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45-Unit Residential Project Planned For Capitol Hill Auto Shop Moves Forward

by UrbanTurf Staff

45-Unit Residential Project Planned For Capitol Hill Auto Shop Moves Forward: Figure 1

The developer behind the plan to redevelop industrial buildings near Watkins Elementary School on Capitol Hill into a 45-unit residential project filed its planned unit development (PUD) with the Zoning Commission on Thursday. The proposed buildings at and around 1311 E Street SE (map) would include roughly 30,000 square feet to be constructed on what’s now an auto repair shop and a warehouse.

45-Unit Residential Project Planned For Capitol Hill Auto Shop Moves Forward: Figure 2

Sean Ruppert, the principal of developer OPaL LLC, gave the local ANC an informational presentation on the project in January. Gregory Sparhawk of gps designs is the project architect.

The project, called Watkins Alley, would consist of 30 three-bedroom townhomes, eight flats and six lofts, with much of the homes’ activity centered around an alley. In January, Ruppert said he is targeting empty nesters and families in the homes, the most expensive of which would sell for around $1.3 million.

45-Unit Residential Project Planned For Capitol Hill Auto Shop Moves Forward: Figure 3

Per the PUD, the project will have “one level of underground parking with 45 spaces below the south block of townhouses.” There will also be parking for 48 bicycles.

The development team is looking for a rezoning of the property from industrial to residential use, an increase in the allowed lot occupancy (given the size of the planned homes), and the ability to change the location of the parking area, among other changes.

This article originally published at http://dc.urbanturf.com/articles/blog/45-unit_residential_project_planned_for_capitol_hill_auto_shop_moves_forwar/9969

1 Comment

  1. skidrowedc@gmail.com said at 6:24 pm on Friday June 5, 2015:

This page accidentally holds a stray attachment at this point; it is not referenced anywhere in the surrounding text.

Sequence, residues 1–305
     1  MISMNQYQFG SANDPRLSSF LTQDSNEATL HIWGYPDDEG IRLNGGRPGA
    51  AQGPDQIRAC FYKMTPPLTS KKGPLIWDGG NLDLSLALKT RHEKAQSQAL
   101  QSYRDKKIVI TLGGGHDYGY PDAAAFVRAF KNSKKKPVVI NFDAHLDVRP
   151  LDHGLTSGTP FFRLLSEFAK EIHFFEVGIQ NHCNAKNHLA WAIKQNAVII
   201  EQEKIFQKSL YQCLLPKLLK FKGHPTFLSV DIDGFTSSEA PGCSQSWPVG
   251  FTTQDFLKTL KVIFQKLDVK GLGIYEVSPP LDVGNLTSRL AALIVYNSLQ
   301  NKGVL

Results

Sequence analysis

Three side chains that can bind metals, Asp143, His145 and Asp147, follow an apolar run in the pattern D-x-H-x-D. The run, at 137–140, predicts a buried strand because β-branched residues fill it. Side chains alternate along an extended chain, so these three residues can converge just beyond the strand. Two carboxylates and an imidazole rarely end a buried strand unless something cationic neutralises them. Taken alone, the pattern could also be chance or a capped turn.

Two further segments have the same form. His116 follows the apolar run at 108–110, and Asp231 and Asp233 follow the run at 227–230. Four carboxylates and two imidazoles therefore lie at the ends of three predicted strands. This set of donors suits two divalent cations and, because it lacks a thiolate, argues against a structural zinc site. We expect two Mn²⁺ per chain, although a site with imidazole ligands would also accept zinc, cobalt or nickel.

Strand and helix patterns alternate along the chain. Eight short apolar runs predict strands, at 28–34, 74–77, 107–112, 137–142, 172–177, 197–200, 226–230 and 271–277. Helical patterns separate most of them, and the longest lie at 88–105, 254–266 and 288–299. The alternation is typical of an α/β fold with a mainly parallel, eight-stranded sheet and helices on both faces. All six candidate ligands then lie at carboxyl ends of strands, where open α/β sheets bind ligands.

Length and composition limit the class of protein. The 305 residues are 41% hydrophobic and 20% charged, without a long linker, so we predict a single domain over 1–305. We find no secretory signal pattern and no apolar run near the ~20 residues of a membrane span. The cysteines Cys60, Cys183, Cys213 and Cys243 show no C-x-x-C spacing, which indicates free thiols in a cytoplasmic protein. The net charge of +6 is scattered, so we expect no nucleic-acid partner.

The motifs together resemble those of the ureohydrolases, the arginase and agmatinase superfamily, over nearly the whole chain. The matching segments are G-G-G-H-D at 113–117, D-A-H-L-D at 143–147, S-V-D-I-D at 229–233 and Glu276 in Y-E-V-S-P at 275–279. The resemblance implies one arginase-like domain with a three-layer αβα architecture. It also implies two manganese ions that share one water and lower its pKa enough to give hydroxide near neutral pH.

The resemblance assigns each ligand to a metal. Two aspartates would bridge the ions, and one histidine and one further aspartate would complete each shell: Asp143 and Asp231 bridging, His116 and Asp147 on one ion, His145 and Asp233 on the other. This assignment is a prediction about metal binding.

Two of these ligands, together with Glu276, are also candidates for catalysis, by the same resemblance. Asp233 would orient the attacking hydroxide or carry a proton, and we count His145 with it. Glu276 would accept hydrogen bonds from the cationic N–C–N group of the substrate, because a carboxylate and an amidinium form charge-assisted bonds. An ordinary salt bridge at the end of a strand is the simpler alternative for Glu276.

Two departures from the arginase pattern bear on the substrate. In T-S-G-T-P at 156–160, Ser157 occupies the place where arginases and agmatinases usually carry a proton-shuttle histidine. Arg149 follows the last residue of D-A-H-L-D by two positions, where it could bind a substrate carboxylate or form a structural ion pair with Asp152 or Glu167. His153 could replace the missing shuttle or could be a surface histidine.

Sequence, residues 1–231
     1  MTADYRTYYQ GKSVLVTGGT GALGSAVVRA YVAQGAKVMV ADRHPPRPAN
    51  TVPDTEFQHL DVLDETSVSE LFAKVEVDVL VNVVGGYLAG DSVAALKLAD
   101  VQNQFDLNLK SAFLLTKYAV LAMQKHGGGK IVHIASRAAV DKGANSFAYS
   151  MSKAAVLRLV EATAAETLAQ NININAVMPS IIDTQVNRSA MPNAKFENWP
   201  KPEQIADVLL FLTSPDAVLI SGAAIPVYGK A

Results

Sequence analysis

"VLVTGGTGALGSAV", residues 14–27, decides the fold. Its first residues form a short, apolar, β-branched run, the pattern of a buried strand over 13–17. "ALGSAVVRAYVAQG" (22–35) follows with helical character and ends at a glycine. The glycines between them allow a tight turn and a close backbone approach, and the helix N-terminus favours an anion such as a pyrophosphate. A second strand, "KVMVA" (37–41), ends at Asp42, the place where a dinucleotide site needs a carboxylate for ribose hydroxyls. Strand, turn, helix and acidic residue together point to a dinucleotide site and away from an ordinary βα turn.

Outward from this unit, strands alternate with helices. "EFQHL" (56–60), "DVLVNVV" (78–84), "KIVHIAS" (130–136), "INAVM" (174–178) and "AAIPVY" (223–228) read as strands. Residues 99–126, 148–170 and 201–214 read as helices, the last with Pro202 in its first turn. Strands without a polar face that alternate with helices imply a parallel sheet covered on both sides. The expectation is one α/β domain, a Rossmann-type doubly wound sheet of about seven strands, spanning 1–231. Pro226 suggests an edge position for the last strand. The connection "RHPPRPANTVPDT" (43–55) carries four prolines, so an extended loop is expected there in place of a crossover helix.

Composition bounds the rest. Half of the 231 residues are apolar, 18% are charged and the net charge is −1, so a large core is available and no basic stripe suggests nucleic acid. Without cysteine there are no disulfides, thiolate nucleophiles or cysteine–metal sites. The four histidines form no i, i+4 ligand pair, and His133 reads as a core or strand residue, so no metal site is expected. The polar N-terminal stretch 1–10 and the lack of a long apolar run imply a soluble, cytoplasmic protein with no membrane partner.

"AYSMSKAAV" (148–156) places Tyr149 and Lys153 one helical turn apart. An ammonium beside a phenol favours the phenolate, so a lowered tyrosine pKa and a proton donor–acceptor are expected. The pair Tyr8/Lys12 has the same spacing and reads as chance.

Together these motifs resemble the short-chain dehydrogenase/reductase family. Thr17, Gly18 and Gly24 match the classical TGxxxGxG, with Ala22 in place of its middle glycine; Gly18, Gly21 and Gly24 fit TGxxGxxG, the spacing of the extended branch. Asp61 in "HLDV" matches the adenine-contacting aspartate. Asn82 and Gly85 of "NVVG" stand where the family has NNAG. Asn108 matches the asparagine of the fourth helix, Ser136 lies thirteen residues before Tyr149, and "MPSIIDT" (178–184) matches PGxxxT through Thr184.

Given that, as shown, this project is certainly 'smart growth' and would be an improvement over the current condition, is it churlish to complain that the exterior design is so lame? This is the first I've heard of gps designs, the apparently-uncapitalized architectural design firm. A review of their website shows mostly suburban work, stylistically a mix of half-hearted contemporary and sloppy historicism. Which seems to be what's proposed for Capitol Hill -- a variety of facades, none very convincing and with a pointless randomness of location, attempting (but spectacularly failing) to conceal the underlying banality of the boxy construction. Part of it is the horrible renderings. If the built reality is more like the architect's Lombard Court project in Baltimore, it won't be so bad -- although even there, it's evident that gps designs doesn't understand how to do a mansard correctly, or (at an elemental level of design competence) how façade elements turn a corner. Also, at Lombard Court, the simple-but-competent historicist treatment of the lower floors mostly works because of grade changes: the townhouses are in groups of 2 or 3 stepping up the hill, injecting interest and a little dynamism. At the Capitol Hill site, in contrast, the flatness appears deadly: just stripes of dumb windows. Moreover, the mansard (which apparently the architect loves, given how often it appears on their website) isn't a common Capitol Hill design move -- it mostly exists in 1970s and 1980s rowhouses, not the actual older buildings. This is another facet of sloppy historicism: not bothering to look closely at the actual historic context. Doing sloppy historicism in the suburbs is one thing. Who cares?--you don't live in the suburbs if architectural history is a central interest. But in Capitol Hill, there are actual historic buildings in the immediate vicinity to compare against. Mistakes are obvious. Developer OPaL, take note. You should really consider having a different architect take a stab at the exterior design.

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